Oppn may go for Common Minimum Programme instead of a grand alliance
The Congress and some opposition parties are keen on a Common Minimum Programme (CMP), even in the absence of a formal pre-poll alliance, several leaders familiar with the matter said on condition of anonymity.Updated: Feb 26, 2019 08:19 IST
The Congress and some opposition parties are keen on a Common Minimum Programme (CMP), even in the absence of a formal pre-poll alliance, several leaders familiar with the matter said on condition of anonymity.
The thinking behind this, they add, is that in the eventuality of the 2019 Lok Sabha elections resulting in a hung House, the parties can stake claim to forming the government by presenting the CMP as a proxy for a pre-poll alliance. Two commissions that looked at who gets to form the government after the elections have stressed that a pre-poll alliance gets priority.
While some parties such as the Congress, the Dravida Munnetra Kazhagam (DMK) and the Nationalist Congress Party (NCP) are ready for such an announcement, the Left Front and other parties are apprehensive about signing a united agenda of governance and then fighting against each other in the summer’s Lok Sabha polls.
Communist Party of India (Marxist) general secretary Sitaram Yechury said on Monday that he has already expressed his reservations to Congress president Rahul Gandhi. “I told him that signing a CMP now and then fighting against each other in the poll is not a good idea,” Yechury said on Monday.
But two of the leaders cited in the first instance said a draft of the CMP could be shared with opposition parties as early as Wednesday when they attend a meeting in New Delhi in the Parliament complex.
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The Congress and the NCP have already announced an alliance in Maharashtra and the Congress and the DMK in Tamil Nadu. The Samajwadi Party (SP) and the Bahujan Samaj Party (BSP) have formed an alliance for Uttar Pradesh and Madhya Pradesh. The Congress may tie up with the Left Front in West Bengal.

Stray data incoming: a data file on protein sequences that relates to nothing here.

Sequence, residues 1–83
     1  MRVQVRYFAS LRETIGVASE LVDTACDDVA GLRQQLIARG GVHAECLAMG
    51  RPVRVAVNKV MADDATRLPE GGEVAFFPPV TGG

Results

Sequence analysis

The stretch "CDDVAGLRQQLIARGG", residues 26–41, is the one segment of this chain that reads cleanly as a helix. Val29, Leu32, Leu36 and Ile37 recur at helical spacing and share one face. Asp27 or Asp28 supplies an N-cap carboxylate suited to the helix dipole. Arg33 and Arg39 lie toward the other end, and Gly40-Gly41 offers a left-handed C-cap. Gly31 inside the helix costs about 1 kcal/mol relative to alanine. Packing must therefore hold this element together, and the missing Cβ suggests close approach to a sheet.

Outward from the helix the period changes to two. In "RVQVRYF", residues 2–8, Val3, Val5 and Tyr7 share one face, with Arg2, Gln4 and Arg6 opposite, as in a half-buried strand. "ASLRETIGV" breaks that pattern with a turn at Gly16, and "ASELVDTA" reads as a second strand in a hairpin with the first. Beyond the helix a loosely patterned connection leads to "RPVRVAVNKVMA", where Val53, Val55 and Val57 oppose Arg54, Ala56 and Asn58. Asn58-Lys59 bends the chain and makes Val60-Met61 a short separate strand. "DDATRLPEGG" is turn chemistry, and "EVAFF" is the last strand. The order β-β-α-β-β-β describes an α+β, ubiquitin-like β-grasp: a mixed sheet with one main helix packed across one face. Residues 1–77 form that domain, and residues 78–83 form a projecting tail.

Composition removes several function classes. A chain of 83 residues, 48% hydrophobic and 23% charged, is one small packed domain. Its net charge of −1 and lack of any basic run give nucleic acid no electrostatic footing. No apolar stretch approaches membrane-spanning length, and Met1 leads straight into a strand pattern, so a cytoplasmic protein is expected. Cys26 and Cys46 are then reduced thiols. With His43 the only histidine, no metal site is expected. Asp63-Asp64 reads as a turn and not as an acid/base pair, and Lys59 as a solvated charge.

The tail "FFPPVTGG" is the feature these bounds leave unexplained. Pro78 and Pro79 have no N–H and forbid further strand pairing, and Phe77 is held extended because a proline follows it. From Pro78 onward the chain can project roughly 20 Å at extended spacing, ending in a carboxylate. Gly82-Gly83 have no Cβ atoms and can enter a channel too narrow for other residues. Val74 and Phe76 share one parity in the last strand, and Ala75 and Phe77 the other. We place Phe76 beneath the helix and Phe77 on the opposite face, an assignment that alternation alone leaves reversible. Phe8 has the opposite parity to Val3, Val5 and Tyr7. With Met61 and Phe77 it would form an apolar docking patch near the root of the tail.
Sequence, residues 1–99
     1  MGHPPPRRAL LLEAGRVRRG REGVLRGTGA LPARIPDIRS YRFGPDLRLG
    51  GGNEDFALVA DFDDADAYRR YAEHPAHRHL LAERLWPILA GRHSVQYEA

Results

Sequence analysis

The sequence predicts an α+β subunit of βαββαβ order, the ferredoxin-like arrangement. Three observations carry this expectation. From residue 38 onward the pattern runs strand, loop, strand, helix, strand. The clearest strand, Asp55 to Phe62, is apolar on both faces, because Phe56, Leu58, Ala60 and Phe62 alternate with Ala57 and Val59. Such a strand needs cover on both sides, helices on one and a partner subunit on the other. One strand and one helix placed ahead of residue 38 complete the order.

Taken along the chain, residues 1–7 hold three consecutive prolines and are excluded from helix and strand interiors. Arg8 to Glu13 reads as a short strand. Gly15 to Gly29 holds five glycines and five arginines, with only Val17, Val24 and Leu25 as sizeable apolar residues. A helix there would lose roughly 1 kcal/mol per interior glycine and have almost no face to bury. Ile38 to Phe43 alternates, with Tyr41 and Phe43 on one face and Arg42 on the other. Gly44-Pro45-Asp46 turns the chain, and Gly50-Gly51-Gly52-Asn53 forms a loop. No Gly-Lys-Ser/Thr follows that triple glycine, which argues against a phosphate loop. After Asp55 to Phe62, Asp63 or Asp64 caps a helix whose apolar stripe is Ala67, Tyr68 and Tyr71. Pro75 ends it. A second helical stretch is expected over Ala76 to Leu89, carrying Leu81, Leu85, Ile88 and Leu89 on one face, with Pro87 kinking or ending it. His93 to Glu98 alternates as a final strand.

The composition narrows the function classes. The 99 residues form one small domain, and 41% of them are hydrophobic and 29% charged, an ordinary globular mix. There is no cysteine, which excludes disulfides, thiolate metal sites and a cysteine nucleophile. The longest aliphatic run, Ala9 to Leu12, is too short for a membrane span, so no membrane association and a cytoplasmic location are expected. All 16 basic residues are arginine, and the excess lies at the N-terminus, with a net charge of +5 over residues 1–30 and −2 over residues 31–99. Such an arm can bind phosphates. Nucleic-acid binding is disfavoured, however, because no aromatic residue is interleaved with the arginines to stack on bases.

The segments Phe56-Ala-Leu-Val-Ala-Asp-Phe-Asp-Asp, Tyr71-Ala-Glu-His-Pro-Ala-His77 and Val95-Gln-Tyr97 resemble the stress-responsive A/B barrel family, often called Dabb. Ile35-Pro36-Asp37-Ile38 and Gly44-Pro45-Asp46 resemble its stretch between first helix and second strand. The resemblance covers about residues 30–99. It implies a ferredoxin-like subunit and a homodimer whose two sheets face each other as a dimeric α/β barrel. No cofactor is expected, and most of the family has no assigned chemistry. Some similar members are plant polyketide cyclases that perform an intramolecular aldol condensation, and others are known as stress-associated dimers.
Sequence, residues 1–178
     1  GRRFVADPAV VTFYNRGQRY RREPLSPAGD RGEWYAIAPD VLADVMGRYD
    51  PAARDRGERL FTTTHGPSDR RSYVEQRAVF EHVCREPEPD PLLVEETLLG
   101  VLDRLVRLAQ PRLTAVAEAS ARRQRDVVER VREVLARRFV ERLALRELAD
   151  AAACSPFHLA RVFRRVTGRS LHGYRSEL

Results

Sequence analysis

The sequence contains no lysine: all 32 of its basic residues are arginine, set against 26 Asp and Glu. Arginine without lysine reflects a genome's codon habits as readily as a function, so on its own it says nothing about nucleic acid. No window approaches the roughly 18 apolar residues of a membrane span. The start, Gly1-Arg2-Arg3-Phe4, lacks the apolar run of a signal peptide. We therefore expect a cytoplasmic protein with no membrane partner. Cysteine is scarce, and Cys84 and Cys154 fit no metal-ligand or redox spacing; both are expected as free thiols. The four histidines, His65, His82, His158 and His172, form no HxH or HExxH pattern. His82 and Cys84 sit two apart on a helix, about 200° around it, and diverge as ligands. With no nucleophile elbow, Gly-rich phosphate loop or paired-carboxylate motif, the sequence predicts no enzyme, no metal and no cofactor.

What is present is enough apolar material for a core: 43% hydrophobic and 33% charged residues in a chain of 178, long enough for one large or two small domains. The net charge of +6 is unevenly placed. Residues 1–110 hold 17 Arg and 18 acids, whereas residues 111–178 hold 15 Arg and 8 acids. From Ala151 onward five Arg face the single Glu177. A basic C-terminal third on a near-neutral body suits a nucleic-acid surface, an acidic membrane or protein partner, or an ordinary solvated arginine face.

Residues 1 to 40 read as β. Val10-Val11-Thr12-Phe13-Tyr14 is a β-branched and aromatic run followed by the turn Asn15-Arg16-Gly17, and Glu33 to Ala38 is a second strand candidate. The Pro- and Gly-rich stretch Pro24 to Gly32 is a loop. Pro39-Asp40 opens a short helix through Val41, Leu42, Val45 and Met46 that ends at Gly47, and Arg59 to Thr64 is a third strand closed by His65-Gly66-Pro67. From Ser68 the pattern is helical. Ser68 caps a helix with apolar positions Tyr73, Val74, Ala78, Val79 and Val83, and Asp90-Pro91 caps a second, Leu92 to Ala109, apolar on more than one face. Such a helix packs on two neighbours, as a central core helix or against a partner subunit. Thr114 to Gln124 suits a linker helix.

However, the SP and the BSP have left the Congress out of their alliance; the Trinamool Congress will fight the Left Front and also the Congress in West Bengal; and the Telugu Desam Party (TDP) and the Congress have decided to go it alone in Andhra Pradesh. The fact that all these parties have stated their opposition to the BJP-led National Democratic Alliance makes the CMP a viable alternative.
If the CMP is finally inked, it will possibly be the first such pre-poll declaration as common programmes have traditionally been announced just ahead of the formation of the government after parties have declared their support in favour of a Prime Minister. In the United Front government of 1996, the Vajpayee government of 1999, and the UPA of 2004, CMPs were formulated after election results were out.
The opposition leaders said that senior Congress leaders have already held a few rounds of meetings to prepare a draft CMP. “They have involved not just political leaders but sector experts and even select Opposition leaders to discuss the possible contents for the basic promises that will the guiding force of the non-NDA government, if it comes to power,” said a senior non-Congress opposition leader.
One of the proposals under consideration is a comprehensive minimum income guarantee scheme for all farmers. “The Modi government’s income guarantee scheme has too little financial help. It is also restricted for small and marginal farmers. We will give a much better package,” said a senior opposition strategist involved in the discussions.
Other salient features include targeted job generation across different sectors and robust management of the economy. The Trinamool Congress, the second-largest Opposition party in the current Lok Sabha wants the CMP to speak specifically about protecting independence of Constitutional bodies.
Congress leaders were quick to point out that the Sarkaria Commission report (circa 1987) said that if a leader has to be selected from among groups of parties, then in the order of preference “an alliance of parties that was formed prior to the Elections” comes first.
The Punchhi commission guidelines (circa 2010) also say that “the party or combination of parties which commands the widest support in the Legislative Assembly should be called upon to form the Government. If there is a pre-poll alliance or coalition, it should be treated as one political party and if such coalition obtains a majority, the leader of such coalition shall be called” to form the Government.
“Multiple parties coming together without a CMP can be a slippery affair. Without any formal, concrete set of goals and promises, some of its constituents can always switch over to the other side. It also helps in running a government smoothly,” said analyst Sadanand Memon.
First Published: Feb 26, 2019 07:11 IST